behave, behold, belong, befall [prefix be-]

Discussion in 'English Only' started by Sean73, Jan 26, 2013.

  1. Sean73 Junior Member

    French - France
    Hello I'm learning english. I'd like to grasp the meaning of the prefix be- in verb building, in what way does it change the sense of the stem.
    It is said of befriend and belittle that the be- means "make or cause to be". I can figure them out as well as : betake oneself, befog, bestow...
    eventually befall. Belong does it cause you to long/yearn what is not yours? I don't get it very well.
    Neither do I with such verbs as : behave, behold. So my questions are : Do they all pertain to the rule? Help?
  2. Loob

    Loob Senior Member

    English UK
    Hi Sean - welcome to the forums!

    The prefix be- is very complicated: the OED takes three whole paragraphs to explain it:).

    In some contexts, it does mean, as you say "cause to be".
  3. Beryl from Northallerton Moderator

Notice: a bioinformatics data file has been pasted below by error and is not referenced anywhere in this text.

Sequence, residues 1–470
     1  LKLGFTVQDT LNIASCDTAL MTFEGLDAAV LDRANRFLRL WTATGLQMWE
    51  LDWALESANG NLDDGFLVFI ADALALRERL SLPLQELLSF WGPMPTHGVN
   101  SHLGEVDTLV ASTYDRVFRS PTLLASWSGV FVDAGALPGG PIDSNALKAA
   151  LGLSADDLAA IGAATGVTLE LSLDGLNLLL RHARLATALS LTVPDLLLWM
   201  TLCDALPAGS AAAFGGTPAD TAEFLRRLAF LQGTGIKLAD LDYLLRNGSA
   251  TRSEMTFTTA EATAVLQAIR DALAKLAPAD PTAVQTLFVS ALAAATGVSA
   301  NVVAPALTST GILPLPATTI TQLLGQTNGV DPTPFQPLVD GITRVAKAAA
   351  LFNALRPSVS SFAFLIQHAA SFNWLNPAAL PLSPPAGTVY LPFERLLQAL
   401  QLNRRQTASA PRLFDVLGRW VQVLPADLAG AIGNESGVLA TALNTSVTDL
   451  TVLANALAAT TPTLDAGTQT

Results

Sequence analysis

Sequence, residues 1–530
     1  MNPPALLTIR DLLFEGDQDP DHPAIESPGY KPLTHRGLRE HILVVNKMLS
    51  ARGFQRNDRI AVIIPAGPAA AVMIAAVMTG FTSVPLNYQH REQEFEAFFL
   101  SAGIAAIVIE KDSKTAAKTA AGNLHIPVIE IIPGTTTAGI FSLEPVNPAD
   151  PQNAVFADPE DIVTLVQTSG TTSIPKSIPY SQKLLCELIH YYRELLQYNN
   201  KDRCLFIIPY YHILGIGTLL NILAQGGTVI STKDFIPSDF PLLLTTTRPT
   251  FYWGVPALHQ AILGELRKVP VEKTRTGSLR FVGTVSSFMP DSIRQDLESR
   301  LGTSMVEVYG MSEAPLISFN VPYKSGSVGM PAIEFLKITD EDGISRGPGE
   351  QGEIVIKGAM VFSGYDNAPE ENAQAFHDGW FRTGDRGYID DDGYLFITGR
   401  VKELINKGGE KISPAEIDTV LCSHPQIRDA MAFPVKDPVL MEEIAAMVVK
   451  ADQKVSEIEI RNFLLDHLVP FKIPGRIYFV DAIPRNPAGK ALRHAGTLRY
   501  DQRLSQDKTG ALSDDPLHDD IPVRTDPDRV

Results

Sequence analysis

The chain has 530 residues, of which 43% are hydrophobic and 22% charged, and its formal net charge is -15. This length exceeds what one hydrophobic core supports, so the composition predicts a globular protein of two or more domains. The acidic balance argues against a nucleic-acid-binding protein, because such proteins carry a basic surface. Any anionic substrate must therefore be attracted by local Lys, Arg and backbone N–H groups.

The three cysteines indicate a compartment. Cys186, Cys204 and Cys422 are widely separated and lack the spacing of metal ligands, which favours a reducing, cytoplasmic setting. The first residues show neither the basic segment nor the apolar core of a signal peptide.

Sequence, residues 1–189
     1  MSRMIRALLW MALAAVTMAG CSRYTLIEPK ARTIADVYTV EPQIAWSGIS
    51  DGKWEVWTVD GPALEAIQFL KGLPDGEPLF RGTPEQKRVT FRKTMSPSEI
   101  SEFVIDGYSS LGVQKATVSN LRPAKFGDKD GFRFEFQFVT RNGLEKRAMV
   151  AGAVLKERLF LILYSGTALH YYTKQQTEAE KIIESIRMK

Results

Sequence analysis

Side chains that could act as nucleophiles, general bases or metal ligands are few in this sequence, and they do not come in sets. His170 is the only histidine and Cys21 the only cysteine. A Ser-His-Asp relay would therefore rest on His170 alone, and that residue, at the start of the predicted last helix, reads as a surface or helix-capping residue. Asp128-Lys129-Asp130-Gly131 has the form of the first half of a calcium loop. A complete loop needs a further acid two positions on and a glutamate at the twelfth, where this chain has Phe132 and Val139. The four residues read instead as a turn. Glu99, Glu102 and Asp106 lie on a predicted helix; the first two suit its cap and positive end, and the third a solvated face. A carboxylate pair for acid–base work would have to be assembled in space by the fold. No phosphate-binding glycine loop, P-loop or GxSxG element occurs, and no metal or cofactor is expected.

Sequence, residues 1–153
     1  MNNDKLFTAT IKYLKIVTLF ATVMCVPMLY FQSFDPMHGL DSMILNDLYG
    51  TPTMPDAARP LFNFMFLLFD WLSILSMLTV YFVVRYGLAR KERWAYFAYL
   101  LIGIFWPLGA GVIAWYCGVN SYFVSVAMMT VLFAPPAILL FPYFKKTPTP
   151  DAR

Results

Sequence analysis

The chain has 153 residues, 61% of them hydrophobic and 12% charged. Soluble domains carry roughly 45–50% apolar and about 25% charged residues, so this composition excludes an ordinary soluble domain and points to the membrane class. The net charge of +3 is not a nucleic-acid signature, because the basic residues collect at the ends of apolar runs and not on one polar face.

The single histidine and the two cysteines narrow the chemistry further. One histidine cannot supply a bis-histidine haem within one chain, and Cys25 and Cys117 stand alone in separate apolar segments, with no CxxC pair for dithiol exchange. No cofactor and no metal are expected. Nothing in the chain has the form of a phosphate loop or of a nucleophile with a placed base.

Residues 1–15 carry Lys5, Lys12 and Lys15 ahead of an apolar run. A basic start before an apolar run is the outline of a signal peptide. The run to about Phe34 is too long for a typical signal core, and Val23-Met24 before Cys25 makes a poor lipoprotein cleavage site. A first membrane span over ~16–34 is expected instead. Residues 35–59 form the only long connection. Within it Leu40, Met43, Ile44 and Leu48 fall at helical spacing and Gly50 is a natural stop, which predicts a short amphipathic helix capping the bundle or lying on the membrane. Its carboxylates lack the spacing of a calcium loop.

British English
    >Belong does it cause you to long/yearn what is not yours? I don't get it very well.

    No. This is not the 'causal' sense of 'be-'. (I'd speculate that this would have once been an intensifier of sorts, but I've not had access to my dictionaries since the builders came. It could be some time yet. If Loob says it's very complicated, I'd be minded to believe her.)

    Welcome to the Forum! :)
  4. Cagey post mod

    English - US
    This is from the Online Etymological Dictionary's definition of be-
    word-forming element with a wide range of meaning: "thoroughly, completely; to make, cause seem; to provide with; at, on, to, for," from Old English be- "on all sides" (also used to make transitive verbs and as a privative or intensive prefix), from weak form of Old English bi "by," probably cognate with second syllable of Greek amphi, Latin ambi and originally meaning "about" (see ambi-).

    This sense naturally drifted into intensive (cf. bespatter "spatter about," therefore "spatter very much"). Be- can also be privative (cf. behead), causative, or have just about any sense required. [....]

    I suggest that you look up the individual examples that interest you on that website. The explanations can be interesting.
  5. Andygc

    Andygc Senior Member

    British English
    ... and there is, of course, the Forum Search tool, to take you to

    prefix be-

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